In all seriousness, Quibb is one of those 1-in-10 or 1-in-20 products that I try and it sticks. I particularly like the fact that it feels really small and high-quality; this is probably why, as Mark Lorion said, the signal-to-noise ratio is really high. But Path once felt like that for me too, when it was newer, and then a bunch of people I didn't care about joined, I errantly friended too many people, and now I don't care about it anymore. I never really bought Path as a "more intimate social network" - to me it was just a social network that only my most intelligent friends knew about. I'm curious to know if/how Quibb would succeed at a similar growth rate...maybe the member-acceptance criteria already solves that problem.

One thing I particularly like about Branch is that it makes for a natural commenting system + summary for blog posts. Whenever I put up a new post I create a branch and embed it where a commenting system like FB, Disqus, Livefyre, etc. would normally go. Now I've never used any of those in the current incarnation of my blog, but I really like that 1) I know I won't end up with spam or even the kind of pseudo-spam (read: "nonsensical comments") in comments and 2) the conversation exists somewhere other than my own domain.

As for Medium, I have nothing to say except that maybe 50% of the most poignant things I've read over the last 4-5 months have been Medium posts. And it's just a beautiful reading experience (which, to be frank, I wish were more true of Quibb ;-)

Co-Founder & CEO at Clerky

It'd be a interesting experiment to see if the application process can be crowd-sourced to the existing Quibb membership!

I love your point about Medium - it definitely has the nicest UI out of the four mentioned. I find Quora in particular very frustrating to use because it's so busy - Quibb feels similar, but not quite as heavy-laden with features. I think the text-heavy UI of both Quibb and Quora make it uncomfortable for the user, though: using colored buttons and icons as opposed to text links for 'like' and 'reply,' etc. make a big difference to how user-friendly a site *seems*, I think.

Startup Edition, Product Hunt

Although much different, I've found MessageMe to be a great channel for communicating with close friends and a few "3rd degree" groups of people.

(Quibb members should join the Quibbers group - add me XD469WLK)

Co-Founder & CEO at Clerky

Only relevant before scale, but one thing that Quora did really, really well early on was helping new users get their feet wet. They did this with their push notifications and extreme attentiveness. They'd get you to answer a few relevant questions and comment / upvote immediately. It felt like you were in a chat room, as opposed to posting on a site where you weren't sure if anybody would read what you were writing.

Co-Founder at edshelf

I straddle the worlds of Hacker News (which has had the highest stickiness factor for me), Quibb, and Quora.

Since I have a development background, I like the technical articles on HN. Whenever I want something more marketing- or business-oriented, I come to Quibb. Both have high-caliber discussions. I also behave somewhat similarly on both - I'll pop open a bunch of interesting links, add them to Pocket, then read them offline. I only return when I want to see what kind of comments an article has gotten, or to add a comment myself.

I don't find Quora quite the same, because it's less about discussions and more about a serialized list of answers. I'll occasionally click to read some comments to a question, but that's rare. However, I often find myself Quora-surfing. If I've got a case of "writer's block" (i.e. "marketing/product block") I'll jump from question to question, topic to topic, and end up on some random answer that sparks some flame of inspiration. Like that answer about a real-world Batman. Crazy stuff.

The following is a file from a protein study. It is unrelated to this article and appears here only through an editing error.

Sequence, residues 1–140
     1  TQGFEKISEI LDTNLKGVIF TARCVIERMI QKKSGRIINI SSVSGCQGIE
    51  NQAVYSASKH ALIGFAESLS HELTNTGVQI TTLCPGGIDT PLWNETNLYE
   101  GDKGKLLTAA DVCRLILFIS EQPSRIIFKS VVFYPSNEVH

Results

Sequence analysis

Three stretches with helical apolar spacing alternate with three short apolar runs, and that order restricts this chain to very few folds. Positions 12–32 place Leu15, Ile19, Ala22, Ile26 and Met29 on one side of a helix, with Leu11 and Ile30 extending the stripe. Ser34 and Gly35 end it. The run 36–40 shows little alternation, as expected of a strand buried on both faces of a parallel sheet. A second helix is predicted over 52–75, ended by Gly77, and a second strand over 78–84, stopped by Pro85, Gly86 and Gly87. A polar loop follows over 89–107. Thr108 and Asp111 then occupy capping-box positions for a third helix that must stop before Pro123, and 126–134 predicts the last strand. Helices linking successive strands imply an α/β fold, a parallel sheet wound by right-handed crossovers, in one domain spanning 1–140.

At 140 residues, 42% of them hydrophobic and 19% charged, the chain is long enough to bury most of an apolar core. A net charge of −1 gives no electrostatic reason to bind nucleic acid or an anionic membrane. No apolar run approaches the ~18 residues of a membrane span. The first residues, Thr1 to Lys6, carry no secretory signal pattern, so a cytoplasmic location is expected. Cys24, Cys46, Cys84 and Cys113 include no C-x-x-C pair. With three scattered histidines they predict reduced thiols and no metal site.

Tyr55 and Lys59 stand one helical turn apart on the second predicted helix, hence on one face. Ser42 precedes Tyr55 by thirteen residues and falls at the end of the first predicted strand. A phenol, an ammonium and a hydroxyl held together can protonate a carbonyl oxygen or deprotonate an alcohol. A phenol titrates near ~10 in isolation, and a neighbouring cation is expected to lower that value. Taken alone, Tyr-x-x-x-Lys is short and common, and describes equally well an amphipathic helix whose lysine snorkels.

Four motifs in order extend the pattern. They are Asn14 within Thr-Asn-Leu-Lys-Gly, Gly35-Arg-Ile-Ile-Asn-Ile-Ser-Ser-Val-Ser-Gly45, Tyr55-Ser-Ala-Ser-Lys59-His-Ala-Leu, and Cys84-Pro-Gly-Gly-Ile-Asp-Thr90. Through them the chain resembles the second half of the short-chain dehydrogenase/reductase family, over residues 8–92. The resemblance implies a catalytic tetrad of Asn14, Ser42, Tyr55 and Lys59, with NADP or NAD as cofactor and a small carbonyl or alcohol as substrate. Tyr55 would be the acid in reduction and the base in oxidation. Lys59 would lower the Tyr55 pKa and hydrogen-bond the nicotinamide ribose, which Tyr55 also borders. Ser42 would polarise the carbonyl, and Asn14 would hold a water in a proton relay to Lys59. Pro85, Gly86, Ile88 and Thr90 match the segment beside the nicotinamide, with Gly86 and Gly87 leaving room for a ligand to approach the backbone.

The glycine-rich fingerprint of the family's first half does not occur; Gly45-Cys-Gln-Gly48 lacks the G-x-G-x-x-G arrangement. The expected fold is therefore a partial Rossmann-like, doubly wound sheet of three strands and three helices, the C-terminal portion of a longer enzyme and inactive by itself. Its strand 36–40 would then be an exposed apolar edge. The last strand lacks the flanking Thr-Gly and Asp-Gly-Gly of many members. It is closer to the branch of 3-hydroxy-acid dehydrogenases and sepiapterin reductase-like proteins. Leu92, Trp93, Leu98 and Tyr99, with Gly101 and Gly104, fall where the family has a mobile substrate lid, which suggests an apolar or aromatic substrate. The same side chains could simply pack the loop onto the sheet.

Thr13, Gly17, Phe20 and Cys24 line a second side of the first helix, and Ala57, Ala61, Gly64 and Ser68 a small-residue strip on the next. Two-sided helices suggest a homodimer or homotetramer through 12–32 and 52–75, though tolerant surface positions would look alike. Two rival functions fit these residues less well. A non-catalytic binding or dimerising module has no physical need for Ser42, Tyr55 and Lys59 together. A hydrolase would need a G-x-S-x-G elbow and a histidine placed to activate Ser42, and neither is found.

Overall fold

I don't do that on HN or Quibb though. But hey, that could be a great new feature. "Related links" or "Topic tags" or something :)

Product Manager at Pinterest

Re: quora-surfing when you have writer's block (which Andrew Chen also mentioned) - interesting to see how prevalent this use case is. The original inspiration for this post was actually the Quora answer I referenced in the last paragraph. I'm eager to see how Quora evolves in the long-term, especially with their blogs feature. Agree that it's currently not the best place for quality discussions but there's some excellent stuff being shared on individual blogs and their tagging system makes for a well-targeted distribution platform.

Reply · Tweet ·
Startup Edition, Product Hunt

I also collect most articles shared on Quibb and add to Pocket to read later. I wish there was a better workflow for returning to the original Quibb post to read the comments.

Re: HN, I've found the comments to vary from thoughtful and engaging to hateful and troll-y. I primarily use it to distribute my own posts, tbh.

Like Ryan, I too am starting to save stories from Quibb that I don't have time to read to Pocket. Would be great to see that export functionality supported more directly on mobile.

Reply · Tweet ·
Director of Marketing at Playerize

Same here - a save to pocket feature would be a big boost for my use.

I'm surprised nobody seems to be big users/fans of Medium. Perhaps it's geared to a different audience, but I've started posting there and can definitely see the appeal. I love that there is no pressure to post regularly for an audience that's following you, but rather you can post when it suits you on whichever topics you like, without readers being frustrated by sporadic posting, too-broad topic choices or a lack of variety in writing voice/style.

Reply · Tweet ·
Connor Montgomery, Software Engineer at Pinterest Connor Montgomery
Software Engineer at Pinterest
Greg Hoy, Creative Outreach at Pinterest Greg Hoy
Creative Outreach at Pinterest
Andreas Pihlström, Product Designer at Pinterest Andreas Pihlström
Product Designer at Pinterest
Adam Barton, Project Manager at Pinterest Adam Barton
Project Manager at Pinterest
Xuan Li, Software Engineer at Pinterest Xuan Li
Software Engineer at Pinterest
Matt Jones, Technical Lead at Pinterest Matt Jones
Technical Lead at Pinterest
Casey Winters, Growth Lead at Pinterest Casey Winters
Growth Lead at Pinterest
Evrhet Milam, Engineering Manager at Pinterest Evrhet Milam
Engineering Manager at Pinterest
John Egan, Growth Engineer at Pinterest John Egan
Growth Engineer at Pinterest
Casey Winters, Growth Lead at Pinterest Casey Winters
Growth Lead at Pinterest